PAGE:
Some of this I just don't get, and some of it I think is a shortsighted effort to correct some real problems in how information is currenlty presented in many schools. And some of it is fine with me. Thomas Jefferson, for example, is my favorite Founding Father, but his thoughts on religion are too often treated as representative of the views of the majority in his time, when in fact they were not. And his importance as a player on the world stage is not as significant as his importance on the American stage, which is something the curriculum addresses, I believe.

The country's Founding Father's WERE heavily influenced by Christian principles, and that is certianly worth studying and knowing about.

I don't understand the Atlantic Triangular Trade thing... we were taught about that in school, and it is fundamental to understanding the relationship between America and Europe at the time, but there is no way to teach it without a broad discussion of the topic of slavery, particularly the cruelty imposed on the African slaves during the long sea transits and at the slave auctions. I don't know why the emphasis needs to be made on the triangular trade, unless perhaps it is just not taught anymore and they are trying to make sure it returns to the curriculum.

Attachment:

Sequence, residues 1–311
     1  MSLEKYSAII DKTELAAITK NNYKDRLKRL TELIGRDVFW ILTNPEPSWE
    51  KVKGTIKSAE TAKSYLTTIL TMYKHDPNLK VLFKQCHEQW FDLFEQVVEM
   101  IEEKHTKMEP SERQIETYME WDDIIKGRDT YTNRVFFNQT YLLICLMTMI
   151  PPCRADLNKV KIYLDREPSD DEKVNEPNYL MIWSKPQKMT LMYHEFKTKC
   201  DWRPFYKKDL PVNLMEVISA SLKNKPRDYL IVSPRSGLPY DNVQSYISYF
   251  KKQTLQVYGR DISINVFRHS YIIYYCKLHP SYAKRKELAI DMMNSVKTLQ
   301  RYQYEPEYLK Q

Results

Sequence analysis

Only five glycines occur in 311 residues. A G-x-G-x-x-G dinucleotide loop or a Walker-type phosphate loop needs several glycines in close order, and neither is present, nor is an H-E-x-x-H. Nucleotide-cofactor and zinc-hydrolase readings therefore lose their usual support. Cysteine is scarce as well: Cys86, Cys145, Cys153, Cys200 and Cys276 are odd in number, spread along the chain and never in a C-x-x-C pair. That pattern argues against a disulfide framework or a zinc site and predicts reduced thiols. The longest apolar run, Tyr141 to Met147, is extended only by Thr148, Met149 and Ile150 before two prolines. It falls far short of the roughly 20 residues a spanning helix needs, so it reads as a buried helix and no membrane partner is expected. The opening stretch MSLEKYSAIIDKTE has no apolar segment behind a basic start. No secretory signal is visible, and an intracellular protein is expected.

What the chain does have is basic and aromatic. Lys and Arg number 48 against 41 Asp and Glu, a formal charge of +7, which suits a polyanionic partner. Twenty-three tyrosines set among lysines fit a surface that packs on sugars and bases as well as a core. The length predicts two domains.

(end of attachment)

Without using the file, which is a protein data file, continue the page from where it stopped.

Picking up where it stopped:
The stuff about positive referecnces to the Moral Majority, NRA, Contract With America, etc... I agree you there. The should just present the facts pertaining to these orgnaizations (and I'm not sure the Moral Majority rates highly enough to even be included in